For example, in this budget we have put forward $1 billion over eight years as recommended by the province of British Columbia for the Asia-Pacific gateway and corridors initiative. We are going to build $400 million for the south Fraser perimeter road, north Fraser perimeter road, and the Roberts Bank rail corridor.
    We are putting new interchanges in place in Regina. We are improving access to the airport in Winnipeg, an announcement that is just down the road from where the member is. We are helping build a new multi-modal facility in Edmonton at 41st Avenue.
    We are putting $1 billion in the Asia-Pacific gateway. It has a partnership between the federal government, the province of British Columbia and all western provinces, NDP, Conservative and Liberal premiers in all of western Canada. It is $1 billion. It is an incredible opportunity for Canada.
    In the first century of this country we were an Atlantic trading country recognizing our ties to Europe and our opportunity to link Europe with the United States and the trade opportunities there. The Asia-Pacific gateway is about recognizing the trade opportunities between all of the Pacific Rim and Canada and through to the United States. It is a $1 billion.
    The NDP premier in the member's province supports it. All of western Canada supports it. Why is she voting against the Asia-Pacific gateway and against the best interests of western Canada?
    Mr. Speaker, we at no point have denied the fact that there are some elements of this budget that are supportable. We have never questioned certain investments that are part of this budget, but we decry the fact that so much has been left undone and the government has made choices that are not in the best interests of building a strong country.
    Let me say to the member, if he believes in strategic investments, why was there not a meaningful plan to deal with a $60 billion infrastructure deficit? Why was there not anything in this budget to deal with an absolutely deplorable housing situation in this country? Why was there nothing in this budget to help first nations people? Why was there nothing in this budget of significance to create child care spaces? What happened to families, to neighbourhoods, to communities, to quality of life, to decency and humanity? What happened to civil society?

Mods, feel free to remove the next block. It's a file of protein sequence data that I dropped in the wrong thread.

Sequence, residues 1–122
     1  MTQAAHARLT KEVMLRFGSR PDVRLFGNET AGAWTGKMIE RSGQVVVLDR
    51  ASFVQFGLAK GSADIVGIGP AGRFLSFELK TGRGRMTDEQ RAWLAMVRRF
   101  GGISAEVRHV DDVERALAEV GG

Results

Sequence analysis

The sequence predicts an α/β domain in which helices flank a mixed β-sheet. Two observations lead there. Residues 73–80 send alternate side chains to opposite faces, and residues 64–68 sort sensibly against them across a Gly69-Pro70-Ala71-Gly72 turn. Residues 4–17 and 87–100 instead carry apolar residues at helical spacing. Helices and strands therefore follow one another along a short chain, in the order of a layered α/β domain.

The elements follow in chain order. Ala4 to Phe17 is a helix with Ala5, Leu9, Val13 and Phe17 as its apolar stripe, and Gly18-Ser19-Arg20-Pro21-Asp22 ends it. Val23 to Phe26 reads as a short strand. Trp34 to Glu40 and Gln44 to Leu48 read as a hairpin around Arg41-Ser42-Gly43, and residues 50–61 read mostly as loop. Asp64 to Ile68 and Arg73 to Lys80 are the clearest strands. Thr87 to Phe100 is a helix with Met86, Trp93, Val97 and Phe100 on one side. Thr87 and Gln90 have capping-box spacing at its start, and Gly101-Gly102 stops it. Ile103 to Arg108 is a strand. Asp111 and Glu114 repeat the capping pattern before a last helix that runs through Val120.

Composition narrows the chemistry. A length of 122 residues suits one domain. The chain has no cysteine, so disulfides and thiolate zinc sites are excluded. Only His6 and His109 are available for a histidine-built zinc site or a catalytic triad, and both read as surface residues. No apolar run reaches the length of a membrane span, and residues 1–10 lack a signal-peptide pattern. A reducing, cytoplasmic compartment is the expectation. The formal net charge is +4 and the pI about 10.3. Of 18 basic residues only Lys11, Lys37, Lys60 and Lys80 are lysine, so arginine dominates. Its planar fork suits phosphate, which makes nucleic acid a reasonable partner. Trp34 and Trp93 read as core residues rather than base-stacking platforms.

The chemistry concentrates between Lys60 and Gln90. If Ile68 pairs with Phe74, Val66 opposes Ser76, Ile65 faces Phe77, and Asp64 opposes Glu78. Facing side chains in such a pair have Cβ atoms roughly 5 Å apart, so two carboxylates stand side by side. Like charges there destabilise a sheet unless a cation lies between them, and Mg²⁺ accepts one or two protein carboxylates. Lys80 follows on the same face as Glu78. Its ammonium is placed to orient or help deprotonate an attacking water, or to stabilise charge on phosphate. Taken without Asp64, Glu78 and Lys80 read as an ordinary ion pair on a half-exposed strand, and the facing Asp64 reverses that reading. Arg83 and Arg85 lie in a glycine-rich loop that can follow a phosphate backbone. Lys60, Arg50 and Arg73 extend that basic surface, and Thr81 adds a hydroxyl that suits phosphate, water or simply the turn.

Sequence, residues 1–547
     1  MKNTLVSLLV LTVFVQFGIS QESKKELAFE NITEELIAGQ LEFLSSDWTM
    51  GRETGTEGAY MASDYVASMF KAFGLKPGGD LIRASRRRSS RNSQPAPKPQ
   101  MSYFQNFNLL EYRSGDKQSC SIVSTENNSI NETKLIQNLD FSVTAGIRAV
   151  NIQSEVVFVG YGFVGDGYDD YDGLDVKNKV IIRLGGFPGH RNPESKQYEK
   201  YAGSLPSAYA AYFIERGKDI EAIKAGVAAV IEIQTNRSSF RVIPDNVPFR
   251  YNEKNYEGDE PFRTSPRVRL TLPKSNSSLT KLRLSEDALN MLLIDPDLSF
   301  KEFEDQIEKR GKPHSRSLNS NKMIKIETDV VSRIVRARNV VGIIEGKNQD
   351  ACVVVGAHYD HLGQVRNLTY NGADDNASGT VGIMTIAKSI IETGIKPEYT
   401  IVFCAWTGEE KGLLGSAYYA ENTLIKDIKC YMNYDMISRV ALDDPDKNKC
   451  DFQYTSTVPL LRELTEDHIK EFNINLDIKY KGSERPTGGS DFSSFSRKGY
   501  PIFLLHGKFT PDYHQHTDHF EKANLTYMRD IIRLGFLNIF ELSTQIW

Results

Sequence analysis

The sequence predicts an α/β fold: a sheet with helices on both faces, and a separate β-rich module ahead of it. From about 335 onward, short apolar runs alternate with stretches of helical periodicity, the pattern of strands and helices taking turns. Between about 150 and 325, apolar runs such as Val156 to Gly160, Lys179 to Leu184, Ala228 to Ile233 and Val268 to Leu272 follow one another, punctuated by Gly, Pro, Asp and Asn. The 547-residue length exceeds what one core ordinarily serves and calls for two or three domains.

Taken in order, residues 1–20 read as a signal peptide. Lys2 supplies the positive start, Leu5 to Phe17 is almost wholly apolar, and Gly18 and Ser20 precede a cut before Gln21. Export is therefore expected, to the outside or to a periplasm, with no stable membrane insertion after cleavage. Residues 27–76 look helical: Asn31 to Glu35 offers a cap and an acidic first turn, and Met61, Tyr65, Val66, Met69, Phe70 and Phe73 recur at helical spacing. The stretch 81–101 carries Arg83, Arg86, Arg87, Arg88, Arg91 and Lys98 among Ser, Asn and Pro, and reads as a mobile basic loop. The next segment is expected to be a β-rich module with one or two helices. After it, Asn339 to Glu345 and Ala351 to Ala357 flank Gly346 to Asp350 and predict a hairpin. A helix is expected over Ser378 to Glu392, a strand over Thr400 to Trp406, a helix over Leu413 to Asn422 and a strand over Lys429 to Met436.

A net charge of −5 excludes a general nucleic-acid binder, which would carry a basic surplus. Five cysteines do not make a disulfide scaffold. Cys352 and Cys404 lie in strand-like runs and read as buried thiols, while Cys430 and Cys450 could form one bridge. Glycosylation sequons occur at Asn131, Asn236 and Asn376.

How is it that the minister and the government could not see the importance of balancing out the $22 billion that went against the debt to ensure that some of that money went to grow the economy, some went to deal with our debt, and some went to support Canadians?

  (1720)  

    Questions and comments, the hon. member for Guelph.
    Mr. Speaker, I want to talk a little bit about what the hon. member is yelling about right now, quite frankly, because it is a real concern to me when she talks about aboriginal people and what has happened to them. There was a thing called the Kelowna accord in case she forgets and there is a reason that it is not being implemented. It is because the NDP decided to bring down the past government.
    The NDP is critical of everything. It does not matter what anyone does or what government works. It is critical, but it does not have positive solutions. There is a reason the NDP has 28 members.
    Twenty-nine.
    Twenty-nine. I stand to be corrected.
    Things like the Kyoto accord which the NDP voted down. The Liberal government wanted to implement it, but oh no, the NDP wanted to go to the polls. This was important to that party. What about addressing the fiscal imbalance? We could have done that. Oh, no, the NDP did not want to accept that.
    The member brings up child care. How can she stand in this House and possibly bring up such a thing when the NDP voted that down by bringing a Liberal government down. We had an agreement with every single province that we worked for years to get and finally it went down because the NDP had the nerve and the gall to let this country down on child care.
    I have so many constituents who wanted child care, wanted Kyoto, and wanted a better deal for cities rights across Canada. I think that is shameful.
    Some hon. members: Oh, oh!
    Order, please. I would ask for a little bit of order as we finish up this question and comment period. The hon. member for Winnipeg North.
    Mr. Speaker, the people I represent and the people I have come to know across this country have waited so long for the Liberals to fulfill their election promise to have a national child care program that their infants are now teenagers going into adulthood.
    Whether we are talking about child care, aboriginal issues, the environment, housing, cities, education or health care, in each and every instance we in the New Democratic Party worked like we have never worked before to convince Liberals, when they were in government, to effect change in those areas and to keep their promises.
    However, we kept hitting our heads against a brick wall. We could not get through to those Liberals. Nowhere was that more relevant and apparent than when it came to the child care program, which has been the longest running broken political promise in the history of this country.